We mostly eat our evening meals at ‘home’ (ie: the Airbnb) whilst travelling, but we do try and go out for a family meal at least once so we booked to go out for dinner this evening as a belated birthday treat for Mimi. There were so many places we could have chosen to eat, of every kind of food imaginable – it was almost overwhelming. In the end we decided on the Hard Rock Café – partly for it’s novelty factor (I’d been to one before many, many moons ago in London but the husband and girls had never been and I knew they’d love it) and partly because I knew there was something on the menu that everyone would eat, which, when travelling with kids, makes a big difference to how successful and enjoyable the evening is.
We had a really good meal there. The girls all had pizza and chips followed by oreo milkshakes and an ice cream sundae. The husband opted for an epic burger with chips and all the trimmings, and I chose a delicious dish of salmon, mash and veg. No photos I’m afraid – it all got scoffed too quickly!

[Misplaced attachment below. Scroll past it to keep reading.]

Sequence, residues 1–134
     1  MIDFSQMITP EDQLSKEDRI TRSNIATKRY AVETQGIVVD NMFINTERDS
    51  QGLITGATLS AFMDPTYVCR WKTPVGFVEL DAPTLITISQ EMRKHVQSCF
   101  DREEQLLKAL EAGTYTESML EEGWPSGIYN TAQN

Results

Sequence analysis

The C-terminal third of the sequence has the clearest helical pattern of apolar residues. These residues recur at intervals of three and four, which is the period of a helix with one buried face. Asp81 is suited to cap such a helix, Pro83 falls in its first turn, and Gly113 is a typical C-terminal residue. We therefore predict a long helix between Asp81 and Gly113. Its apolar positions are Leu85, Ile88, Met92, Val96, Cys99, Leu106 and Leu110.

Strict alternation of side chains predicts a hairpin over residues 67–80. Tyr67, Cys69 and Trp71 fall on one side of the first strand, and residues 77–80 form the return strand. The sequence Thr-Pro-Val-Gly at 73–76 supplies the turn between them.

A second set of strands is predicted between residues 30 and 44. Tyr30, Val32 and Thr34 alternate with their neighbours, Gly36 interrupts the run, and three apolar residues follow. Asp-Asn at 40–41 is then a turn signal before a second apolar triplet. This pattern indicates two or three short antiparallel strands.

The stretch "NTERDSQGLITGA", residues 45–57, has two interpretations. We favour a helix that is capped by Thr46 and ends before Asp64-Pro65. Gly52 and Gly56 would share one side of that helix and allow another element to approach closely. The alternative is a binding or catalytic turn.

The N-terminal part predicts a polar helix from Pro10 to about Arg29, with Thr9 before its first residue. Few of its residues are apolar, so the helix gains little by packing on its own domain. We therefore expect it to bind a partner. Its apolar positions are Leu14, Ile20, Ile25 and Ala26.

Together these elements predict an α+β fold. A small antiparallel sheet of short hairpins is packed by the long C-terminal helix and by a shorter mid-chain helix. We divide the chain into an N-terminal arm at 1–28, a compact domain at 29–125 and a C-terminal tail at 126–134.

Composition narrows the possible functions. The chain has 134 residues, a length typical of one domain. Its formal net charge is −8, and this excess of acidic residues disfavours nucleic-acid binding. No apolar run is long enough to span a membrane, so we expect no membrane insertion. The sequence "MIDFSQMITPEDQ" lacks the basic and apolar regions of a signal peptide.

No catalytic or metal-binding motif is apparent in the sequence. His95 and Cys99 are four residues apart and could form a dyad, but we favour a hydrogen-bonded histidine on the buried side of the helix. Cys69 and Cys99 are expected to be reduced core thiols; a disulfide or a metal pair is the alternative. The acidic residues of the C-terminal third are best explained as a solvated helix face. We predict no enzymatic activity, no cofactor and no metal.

DAY SIX: MONDAY
The final day of our family adventure in Boston turned out to be a rather special one. When I originally booked our trip nine months earlier, I immediately contacted my lovely friend and incredibly talented photographer Amy Murgatroyd as I really wanted us to have a family photoshoot and knew that she was the person I wanted to capture us. It’s been years since we had one: the most recent family photoshoot we had was in the summer of 2017 with the insanely creative Steve Gerrard, just my girls and I. Before that was a studio shoot in lieu of the engagement shoot included in our package when we got married five years ago. I wanted some more up-to-date photos that included the husband as well, I wanted them to be shot outdoors in nature, and I wanted a tangible memento of our family adventure in Boston. I just love Amy’s work – she pours her heart and soul into every single image and it comes across in all aspects of what she does and who she is. She’s also an amazing videographer and the family films she creates (whether for her clients or when she’s documenting her own family’s precious moments) never fail to bring me to tears with how beautiful they are and the emotions they evoke.